A group of scientists are calling on the UK government to change its lockdown strategy in hopes of achieving “herd immunity“. An anti-lockdown petition called “The Great Barrington Declaration” has been drawn up to try on the premise that the coronavirus pandemic can be overcome by using ‘Focused Protection’.
If the petition gets enough signatures, it could mean that older people and other high-risk demographics would continue shielding, while those in “less danger”, as the petition puts it, would “immediately be allowed to resume life as normal”.
However, a number of world-class epidemiologists are concerned, because the petition does not outline a concrete plan for how this would happen in practice.
What is the Great Barrington Declaration?
- The Great Barrington Declaration is a petition letter that calls for a “herd immunity” approach in the UK in response to the Covid-19 pandemic. According to the creators of the petition, this could be done by allowing young people to return to ordinary life while continuing to protect the more vulnerable citizens.
The authors of the declaration are Sunetra Gupta, of Oxford University, Jay Bhattacharya, of Stanford University, and Martin Kulldorff, of Harvard University. The three scientists argue that the lockdowns and restrictions are having “devastating effects” particularly on people’s mental health.
The declaration suggests that mental health problems caused by lockdown may improve if ‘Arts, music, sport and other cultural activities’ could resume. This means that ‘people who are more at risk may participate if they wish, while society as a whole enjoys the protection conferred upon the vulnerable by those who have built up herd immunity.’
However, the petition doesn’t go into detail on how exactly this would be put into practice. While this strategy may sound like what many of us need right now – a return to pubs, nightlife and house parties – such a return to the “old normal” could result in a boom of new Covid cases among young and old alike.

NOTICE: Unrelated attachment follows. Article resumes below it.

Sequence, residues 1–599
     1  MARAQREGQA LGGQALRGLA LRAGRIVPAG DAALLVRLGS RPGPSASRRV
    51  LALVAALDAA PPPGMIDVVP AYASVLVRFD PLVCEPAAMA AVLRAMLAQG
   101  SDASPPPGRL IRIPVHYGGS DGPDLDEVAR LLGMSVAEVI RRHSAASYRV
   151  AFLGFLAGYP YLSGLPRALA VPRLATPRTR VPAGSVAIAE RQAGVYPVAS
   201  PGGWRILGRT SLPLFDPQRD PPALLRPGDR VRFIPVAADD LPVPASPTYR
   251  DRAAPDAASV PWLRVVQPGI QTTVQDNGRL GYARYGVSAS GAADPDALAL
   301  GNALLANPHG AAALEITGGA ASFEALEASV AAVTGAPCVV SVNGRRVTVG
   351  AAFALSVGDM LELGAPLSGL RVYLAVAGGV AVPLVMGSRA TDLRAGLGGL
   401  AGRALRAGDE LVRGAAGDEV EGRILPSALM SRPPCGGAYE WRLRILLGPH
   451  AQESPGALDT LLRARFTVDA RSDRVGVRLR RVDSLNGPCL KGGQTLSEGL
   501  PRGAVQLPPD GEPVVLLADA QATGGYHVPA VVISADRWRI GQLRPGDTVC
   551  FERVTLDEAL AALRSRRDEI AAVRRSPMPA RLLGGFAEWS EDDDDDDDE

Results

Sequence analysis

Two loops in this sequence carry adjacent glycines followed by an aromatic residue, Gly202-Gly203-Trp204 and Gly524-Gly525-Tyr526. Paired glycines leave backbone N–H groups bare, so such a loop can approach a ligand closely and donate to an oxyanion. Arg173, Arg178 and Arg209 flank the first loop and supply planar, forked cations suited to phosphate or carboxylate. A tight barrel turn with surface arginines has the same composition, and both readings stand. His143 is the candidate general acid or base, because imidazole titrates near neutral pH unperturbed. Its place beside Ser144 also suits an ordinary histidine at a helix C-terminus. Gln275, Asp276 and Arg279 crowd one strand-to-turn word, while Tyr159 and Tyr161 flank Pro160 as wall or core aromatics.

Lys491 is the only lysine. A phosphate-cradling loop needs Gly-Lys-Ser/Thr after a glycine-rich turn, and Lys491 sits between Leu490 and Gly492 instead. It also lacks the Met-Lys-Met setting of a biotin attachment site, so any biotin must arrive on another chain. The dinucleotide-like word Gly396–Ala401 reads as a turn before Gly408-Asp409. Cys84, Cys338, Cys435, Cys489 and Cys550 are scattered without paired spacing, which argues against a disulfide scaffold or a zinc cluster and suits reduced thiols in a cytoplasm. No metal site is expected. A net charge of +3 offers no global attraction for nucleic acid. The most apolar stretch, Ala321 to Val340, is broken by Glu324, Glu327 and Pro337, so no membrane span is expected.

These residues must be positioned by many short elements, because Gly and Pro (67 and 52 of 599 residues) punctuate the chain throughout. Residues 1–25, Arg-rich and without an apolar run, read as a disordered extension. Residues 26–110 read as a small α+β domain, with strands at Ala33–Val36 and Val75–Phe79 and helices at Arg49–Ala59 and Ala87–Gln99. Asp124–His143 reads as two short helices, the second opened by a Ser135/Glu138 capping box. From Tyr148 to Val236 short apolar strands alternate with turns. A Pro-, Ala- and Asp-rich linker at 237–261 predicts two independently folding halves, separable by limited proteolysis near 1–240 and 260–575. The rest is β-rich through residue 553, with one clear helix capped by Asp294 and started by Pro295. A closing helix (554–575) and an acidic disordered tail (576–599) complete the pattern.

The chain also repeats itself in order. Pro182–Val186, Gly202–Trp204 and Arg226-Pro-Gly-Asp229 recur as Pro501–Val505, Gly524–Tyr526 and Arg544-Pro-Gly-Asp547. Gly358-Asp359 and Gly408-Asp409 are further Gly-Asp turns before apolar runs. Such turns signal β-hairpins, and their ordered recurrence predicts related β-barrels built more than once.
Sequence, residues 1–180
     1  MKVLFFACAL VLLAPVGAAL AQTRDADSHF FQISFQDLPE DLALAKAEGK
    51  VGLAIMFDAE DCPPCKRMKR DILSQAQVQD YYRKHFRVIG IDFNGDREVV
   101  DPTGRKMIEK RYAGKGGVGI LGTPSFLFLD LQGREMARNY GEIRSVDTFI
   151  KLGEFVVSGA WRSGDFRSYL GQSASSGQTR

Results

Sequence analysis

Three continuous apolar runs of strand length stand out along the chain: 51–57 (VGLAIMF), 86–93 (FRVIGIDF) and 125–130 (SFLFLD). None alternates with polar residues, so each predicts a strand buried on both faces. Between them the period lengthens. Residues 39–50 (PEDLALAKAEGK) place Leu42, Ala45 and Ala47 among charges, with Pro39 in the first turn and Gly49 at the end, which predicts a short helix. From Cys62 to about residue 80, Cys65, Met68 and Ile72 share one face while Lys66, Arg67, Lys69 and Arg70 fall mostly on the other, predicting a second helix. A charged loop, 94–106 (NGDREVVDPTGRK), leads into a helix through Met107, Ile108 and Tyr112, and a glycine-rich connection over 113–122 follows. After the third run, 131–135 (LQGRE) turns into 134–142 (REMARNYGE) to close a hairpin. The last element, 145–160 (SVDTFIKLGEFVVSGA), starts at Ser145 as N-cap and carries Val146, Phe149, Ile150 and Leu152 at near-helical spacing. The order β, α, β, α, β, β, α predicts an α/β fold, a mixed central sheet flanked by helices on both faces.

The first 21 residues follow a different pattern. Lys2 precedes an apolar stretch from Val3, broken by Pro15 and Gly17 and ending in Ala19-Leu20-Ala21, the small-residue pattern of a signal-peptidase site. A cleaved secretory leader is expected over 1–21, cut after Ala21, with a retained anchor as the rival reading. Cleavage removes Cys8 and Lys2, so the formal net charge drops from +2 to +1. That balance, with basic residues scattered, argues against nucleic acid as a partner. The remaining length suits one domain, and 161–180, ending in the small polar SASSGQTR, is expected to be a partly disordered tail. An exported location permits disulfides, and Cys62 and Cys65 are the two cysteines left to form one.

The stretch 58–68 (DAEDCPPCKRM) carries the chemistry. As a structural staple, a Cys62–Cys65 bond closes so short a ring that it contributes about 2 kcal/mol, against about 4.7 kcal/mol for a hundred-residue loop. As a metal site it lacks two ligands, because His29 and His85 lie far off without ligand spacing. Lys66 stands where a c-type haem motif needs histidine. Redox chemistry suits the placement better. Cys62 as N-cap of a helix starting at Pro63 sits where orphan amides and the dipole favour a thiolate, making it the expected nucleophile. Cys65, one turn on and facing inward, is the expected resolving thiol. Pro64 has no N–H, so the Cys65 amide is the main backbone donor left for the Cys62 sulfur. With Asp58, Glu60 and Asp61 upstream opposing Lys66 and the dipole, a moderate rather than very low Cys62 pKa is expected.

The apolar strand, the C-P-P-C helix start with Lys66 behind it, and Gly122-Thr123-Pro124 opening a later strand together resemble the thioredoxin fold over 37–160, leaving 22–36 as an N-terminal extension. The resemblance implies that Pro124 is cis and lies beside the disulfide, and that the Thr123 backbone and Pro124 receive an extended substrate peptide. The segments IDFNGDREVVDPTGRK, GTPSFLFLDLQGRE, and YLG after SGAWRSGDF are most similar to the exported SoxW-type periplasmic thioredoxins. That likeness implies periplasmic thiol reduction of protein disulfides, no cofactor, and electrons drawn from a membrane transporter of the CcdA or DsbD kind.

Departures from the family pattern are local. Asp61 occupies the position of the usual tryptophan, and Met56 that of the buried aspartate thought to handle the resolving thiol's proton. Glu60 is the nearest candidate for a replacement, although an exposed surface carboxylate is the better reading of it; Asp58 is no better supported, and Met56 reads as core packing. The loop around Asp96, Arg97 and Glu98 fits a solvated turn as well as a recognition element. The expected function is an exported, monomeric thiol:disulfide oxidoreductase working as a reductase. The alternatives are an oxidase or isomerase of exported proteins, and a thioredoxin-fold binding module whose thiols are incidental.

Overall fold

And let us now forget about the dangers of long-haul Covid, which can leave young sufferers with chronic disabilities.
Reactions to the UK’s anti-lockdown petition
Many are still wary of signing the anti-lockdown petition without any concrete information on how it would be put into practice.
William Hanage, who is a professor of epidemiology at Harvard University, thinks that the Great Barrington Declaration seemed to attack the idea of a UK-wide lockdown, a proposal nobody suggested in the first place. “After pointing out, correctly, the indirect damage caused by the pandemic, they respond that the answer is to increase the direct damage caused by it,” says Hanage.
Gregg Gonsalves, an epidemiologist at Yale University, argued in a Twitter thread that city shutdowns and other such strategies were still necessary to reduce rates of Covid infection. He also argues that there is no set plan for the elderly: “If you’re going to turbo-charge community spread, as everyone else at “low-risk” goes about their business, I want the plan for my 86 year old mother to be more than theoretical. They do NOT have one.”